Scanning Zip Files Today

There are two approaches to dealing with hidden threats in zip files. One way requires making manual configuration changes to harden endpoints against these threats, while the other uses automated analysis and content disarm and reconstruction to eliminate threats. 

Legacy tips to scan zip files for viruses to protect yourself

One approach to managing hidden threats in zip files is to improve each endpoint to be more secure and scan files and emails automatically. The following are some steps you can take to help protect yourself from viruses and malware that may hide in zip files:

  1. Update WinZip – Ensure you are running the latest version of WinZip, as it includes critical security-related fixes and enhancements.
  2. Update your antivirus program – Having the latest definitions is crucial for keeping updated with the latest signatures. Researchers discover new malware daily, and the latest signatures will have the most current discoveries but may still miss Zero Day threats.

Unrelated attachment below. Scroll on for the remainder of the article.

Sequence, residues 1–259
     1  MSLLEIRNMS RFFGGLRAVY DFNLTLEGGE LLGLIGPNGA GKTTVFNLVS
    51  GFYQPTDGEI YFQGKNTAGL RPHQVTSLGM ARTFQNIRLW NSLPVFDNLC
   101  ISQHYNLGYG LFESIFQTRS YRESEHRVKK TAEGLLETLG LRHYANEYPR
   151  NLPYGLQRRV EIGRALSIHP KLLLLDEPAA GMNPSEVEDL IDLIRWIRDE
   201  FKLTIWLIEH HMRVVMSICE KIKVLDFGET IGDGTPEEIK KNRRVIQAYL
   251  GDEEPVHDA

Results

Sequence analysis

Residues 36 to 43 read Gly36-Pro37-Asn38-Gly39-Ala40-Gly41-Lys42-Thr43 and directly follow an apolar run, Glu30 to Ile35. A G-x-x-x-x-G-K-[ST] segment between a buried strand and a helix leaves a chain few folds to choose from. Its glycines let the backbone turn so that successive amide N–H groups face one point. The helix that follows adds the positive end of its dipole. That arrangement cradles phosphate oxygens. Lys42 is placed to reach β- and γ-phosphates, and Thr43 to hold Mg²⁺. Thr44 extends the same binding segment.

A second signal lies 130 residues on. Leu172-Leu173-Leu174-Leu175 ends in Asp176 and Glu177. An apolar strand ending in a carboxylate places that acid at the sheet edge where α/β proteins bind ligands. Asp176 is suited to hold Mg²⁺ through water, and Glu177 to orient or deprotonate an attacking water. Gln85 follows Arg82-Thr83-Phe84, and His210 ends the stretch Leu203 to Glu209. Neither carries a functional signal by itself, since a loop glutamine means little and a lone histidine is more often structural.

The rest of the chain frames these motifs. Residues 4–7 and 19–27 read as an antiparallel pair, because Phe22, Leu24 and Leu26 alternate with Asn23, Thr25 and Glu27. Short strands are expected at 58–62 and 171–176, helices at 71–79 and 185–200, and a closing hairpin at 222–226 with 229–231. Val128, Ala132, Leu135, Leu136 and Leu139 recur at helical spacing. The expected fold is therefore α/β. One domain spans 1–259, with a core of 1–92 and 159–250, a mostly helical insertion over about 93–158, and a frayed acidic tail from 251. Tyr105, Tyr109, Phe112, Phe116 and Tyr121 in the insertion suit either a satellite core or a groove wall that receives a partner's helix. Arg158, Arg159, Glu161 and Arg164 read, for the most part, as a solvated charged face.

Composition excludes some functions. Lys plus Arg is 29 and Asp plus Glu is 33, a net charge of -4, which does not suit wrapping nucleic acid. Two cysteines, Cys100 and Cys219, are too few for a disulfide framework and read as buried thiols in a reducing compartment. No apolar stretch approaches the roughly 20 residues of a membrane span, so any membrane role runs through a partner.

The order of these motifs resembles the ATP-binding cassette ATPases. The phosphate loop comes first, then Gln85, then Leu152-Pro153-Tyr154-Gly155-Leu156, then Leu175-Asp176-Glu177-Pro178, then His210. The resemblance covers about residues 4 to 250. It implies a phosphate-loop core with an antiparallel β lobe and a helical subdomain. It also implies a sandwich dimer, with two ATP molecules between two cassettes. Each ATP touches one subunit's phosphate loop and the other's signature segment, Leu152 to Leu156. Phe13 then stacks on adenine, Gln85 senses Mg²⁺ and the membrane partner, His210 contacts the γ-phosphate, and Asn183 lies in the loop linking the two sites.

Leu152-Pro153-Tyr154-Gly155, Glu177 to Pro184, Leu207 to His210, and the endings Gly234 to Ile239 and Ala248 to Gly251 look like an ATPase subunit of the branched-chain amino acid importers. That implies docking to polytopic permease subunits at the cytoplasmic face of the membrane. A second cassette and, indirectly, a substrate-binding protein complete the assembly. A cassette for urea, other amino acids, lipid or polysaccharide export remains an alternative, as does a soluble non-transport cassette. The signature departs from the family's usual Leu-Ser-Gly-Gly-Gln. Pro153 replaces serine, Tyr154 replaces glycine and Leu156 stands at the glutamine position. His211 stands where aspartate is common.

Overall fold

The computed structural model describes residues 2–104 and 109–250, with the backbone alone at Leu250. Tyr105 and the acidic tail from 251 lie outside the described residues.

3. Configure your antivirus – Adjust the program to scan ALL files and emails, quarantining any suspected infected messages.
  4. Disable “hidden file name extensions” This stops Windows from concealing file name extensions such as .EXE, .DOC, and .ZIP or other file types it recognizes. For example, a malicious may appear as invoice.jpg, concealing that it is a zip file that could be harmful when opened. 
  5. Add a Password – Protecting zip files by applying a password makes them more challenging for cybercriminals to alter. In Windows, Right-click the zip file, select Send to, then Zip folder (compressed). Follow the prompts to save the folder.